This episode has one of the series’ strangest lines (and to my mind, one of the most amusing) near the beginning of the episode. As the decidedly callipygian Rita Conover, clad in tight pants, is shown walking away, Rennie compares her to a taffy machine! Must have something to do with the push-pull, back-and-forth nature of it all, but it’s odd no matter how you interpret it. Submitted by Ed Zoerner, 4/29/10.
Thanks for teaching me a new word. "Callipygian" is a great one. Submitted by Rickapolis 2/8/17

Paul Drake may have coined a phrase in characterizing frequent movie-goer Rennie as "an old popcorn boy." Submitted by francis, 4/2/12.
+ I think the reference is more likely to Rennie having worked at at a theater as a youngster selling popcorn and sneaking out by propping the exit door open, probably for a quick cigarette, when he was supposed to be minding the snack counter. The dialog makes reference to him likely doing that so he could establish his alibi. OLEF641, 2 Dec 2016

Another clever line - in the lawyers' room at the Hall of Justice, Joe Dixon says to Perry: "Blackmail is better than alimony any day." Although I'm not really sure what he meant: PM devotees know that blackmailers don't stop, at least voluntarily, while alimony is tax-deductible. JohnK, 5 October 2015.
+ Ah, but it isn't Joe who is collecting, but Rita, probably getting more for keeping Rennie's secret than she would by conventional means. OLEF641 2/23/21

Must say I was shocked to hear Perry refer to a woman as a ‘tramp’ - seems out of character.
+ The person Perry calls a tramp is Rennie. OLEF641 2/23/21

I found this one of the most neatly plotted episodes, with none of those head-scratching ‘huh?’ moments we’ve come to expect. DOD 09/25/19

Ray Collins: A hint that Ray Collins was not well at the time: he sits through most of his scenes. Submitted by Francis. 10 June 2011.
+Yes, he looks sad and fretful. There are papers and notepads in his scenes too, as if they might be crib-sheets. Submitted by catyron, 12/12/17.

An off day?: Usually impeccably mannered, Perry neglects to rise when the headmistress enters Ann's room. And a bit later he gets snippy with Della. Maybe his arm is bothering him; it's in a cast or something. Perry explains it's "an old service injury." Submitted by francis, 4/3/12.
+ I didn't see a cast (or hear the line) in this episode but did in the previously aired episode "The Loquacious Liar," which was three episodes before this episode in production order. Submitted by Wiseguy70005, 6/05/14.
+Wiseguy: Yikes, I was wrong about that cast. Might have been a day when I was binge-watching! Thanks for correcting the mix-up. Submitted by francis, 9/05/14.
+ I did not see a cast on Burr's arm this time (Wiseguy is correct), but there is still definitely something wrong with his arm. In most of his scenes his right shirt cuff does not show at all (but his left cuff does) and the right suit sleeve looks too long, like it's covering a shortened cast. He holds his am awkwardly throughout the episode. Submitted by catyron, 12/12.17/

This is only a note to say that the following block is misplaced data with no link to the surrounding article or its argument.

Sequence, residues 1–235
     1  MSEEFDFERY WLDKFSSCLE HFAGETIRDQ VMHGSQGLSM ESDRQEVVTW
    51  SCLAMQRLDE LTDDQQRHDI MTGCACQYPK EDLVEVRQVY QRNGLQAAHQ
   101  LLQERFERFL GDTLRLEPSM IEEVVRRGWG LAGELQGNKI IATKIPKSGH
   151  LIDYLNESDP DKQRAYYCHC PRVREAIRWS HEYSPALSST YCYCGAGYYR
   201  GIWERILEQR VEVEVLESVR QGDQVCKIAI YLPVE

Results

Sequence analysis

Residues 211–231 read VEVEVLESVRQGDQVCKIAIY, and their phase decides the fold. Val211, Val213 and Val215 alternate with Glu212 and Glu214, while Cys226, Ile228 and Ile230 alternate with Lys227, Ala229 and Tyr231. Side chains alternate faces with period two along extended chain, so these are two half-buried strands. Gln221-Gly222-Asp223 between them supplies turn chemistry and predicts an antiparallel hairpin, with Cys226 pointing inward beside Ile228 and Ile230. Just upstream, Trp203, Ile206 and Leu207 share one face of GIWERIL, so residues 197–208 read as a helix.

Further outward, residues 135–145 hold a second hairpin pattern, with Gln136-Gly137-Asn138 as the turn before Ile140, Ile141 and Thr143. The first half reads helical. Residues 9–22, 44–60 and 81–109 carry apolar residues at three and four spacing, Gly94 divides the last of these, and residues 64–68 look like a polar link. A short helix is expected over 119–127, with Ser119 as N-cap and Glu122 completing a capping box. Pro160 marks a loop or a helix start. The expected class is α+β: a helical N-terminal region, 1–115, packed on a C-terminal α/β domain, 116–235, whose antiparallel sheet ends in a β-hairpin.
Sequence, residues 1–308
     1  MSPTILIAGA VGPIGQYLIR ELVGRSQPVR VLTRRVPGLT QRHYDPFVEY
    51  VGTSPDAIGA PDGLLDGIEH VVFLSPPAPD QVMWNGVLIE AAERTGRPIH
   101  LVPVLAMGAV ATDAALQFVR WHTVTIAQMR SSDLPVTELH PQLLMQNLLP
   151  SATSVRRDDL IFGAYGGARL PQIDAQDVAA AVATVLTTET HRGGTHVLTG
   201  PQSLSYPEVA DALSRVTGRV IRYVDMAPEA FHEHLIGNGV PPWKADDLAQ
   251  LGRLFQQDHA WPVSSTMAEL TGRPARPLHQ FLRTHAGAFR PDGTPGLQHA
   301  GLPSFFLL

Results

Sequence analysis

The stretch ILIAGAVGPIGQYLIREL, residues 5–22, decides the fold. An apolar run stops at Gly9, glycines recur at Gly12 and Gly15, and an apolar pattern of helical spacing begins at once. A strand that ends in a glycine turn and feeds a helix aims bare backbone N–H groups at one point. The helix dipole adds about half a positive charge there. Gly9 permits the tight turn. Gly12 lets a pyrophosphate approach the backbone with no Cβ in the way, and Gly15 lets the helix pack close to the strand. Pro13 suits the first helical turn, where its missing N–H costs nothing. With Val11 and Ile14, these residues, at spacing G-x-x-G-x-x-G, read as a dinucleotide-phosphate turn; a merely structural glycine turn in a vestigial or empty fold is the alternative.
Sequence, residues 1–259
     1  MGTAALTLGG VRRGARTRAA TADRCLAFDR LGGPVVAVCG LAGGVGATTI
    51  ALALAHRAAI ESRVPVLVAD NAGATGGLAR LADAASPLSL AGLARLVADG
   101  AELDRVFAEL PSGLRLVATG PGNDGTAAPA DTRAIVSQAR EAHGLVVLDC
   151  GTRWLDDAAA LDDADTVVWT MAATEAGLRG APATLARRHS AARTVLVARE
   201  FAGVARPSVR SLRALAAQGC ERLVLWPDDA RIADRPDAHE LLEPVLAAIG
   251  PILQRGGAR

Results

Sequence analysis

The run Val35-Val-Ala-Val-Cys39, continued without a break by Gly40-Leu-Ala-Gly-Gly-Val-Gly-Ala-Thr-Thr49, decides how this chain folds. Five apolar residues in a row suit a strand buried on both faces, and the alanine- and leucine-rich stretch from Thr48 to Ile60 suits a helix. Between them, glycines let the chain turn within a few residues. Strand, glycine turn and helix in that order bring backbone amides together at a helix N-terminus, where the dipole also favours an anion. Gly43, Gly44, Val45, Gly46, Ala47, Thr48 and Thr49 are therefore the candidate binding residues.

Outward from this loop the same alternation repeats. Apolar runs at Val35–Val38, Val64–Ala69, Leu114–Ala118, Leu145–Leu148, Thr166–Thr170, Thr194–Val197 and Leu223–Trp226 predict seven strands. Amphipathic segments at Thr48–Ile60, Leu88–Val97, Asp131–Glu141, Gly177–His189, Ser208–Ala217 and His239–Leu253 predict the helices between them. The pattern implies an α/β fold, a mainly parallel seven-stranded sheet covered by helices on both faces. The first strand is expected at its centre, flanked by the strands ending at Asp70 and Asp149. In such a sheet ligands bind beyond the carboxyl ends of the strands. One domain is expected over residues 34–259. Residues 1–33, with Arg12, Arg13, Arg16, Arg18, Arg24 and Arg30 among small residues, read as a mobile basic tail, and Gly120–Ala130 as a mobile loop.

There is nothing wrong with his arm in this episode. He uses it as usual and there are no signs of it being held awkwardly. DOD 10/25/21

This is a rare episode where the prosecution seems more knowledgeable and better-prepared than Mason (just a coincidence that Burger wasn't the prosecutor?). Perry seems blindsided by what is revealed during both Wilmer Beaslee's and Rennie Foster's testimony. It's true that his client was holding out on him, but you'd think Paul Drake would have uncovered those things. Submitted by 65tosspowertrap, 9/20/2013.
+ Maybe Paul is worn out from Perry working him so hard. Paul can't go out on a date or play poker with the boys or plan a vacation without Perry interrupting and asking him to do something, including flying to some remote country to find a missionary in the middle of the jungle, or searching the top of a circus tent for bullet holes. Submitted by scarter 8/25/14
++ You usually only find what you are looking for, and these revelations are completely out of left field. OLEF641 2/23/21
> That they're **** ********?!?! That, as Perry might say, cuts to the very heart of the matter and suggests bias. Notcom, 022421.

This is an episode where none of the characters are particularly sympathetic. Except for Jill Farwell, all the other main characters are either cowardly, mean, pathetic, greedy or stupid. So glad that Burt and Jill didn’t have a maudlin reconciliation in the last scene. Submitted by Wick 3/9/2022.

You can see the shadow of the boom mike at 25:33 on the DVD. Submitted by scarter 8/25/14

There's a stock shot, used before, of people walking down the courthouse steps at 30:11 on the DVD, and a girl in a white dress is pointing at something as two other people turn to look. I wonder what it was. A mystery that will never be solved. Submitted by scarter 8/25/14

When Kathy enters the room with Mason and Ann with a tray of food a light somewhere appears to become brighter. Watch the shadows of the shelves behind Mason become more pronounced. Submitted by Wiseguy70005, 8/26/14.
+ I don't see the lighting change but when Kathy leaves the room there is a shadow of the boom microphone on the wall at the top of the screen. Kilo 3/5/2019.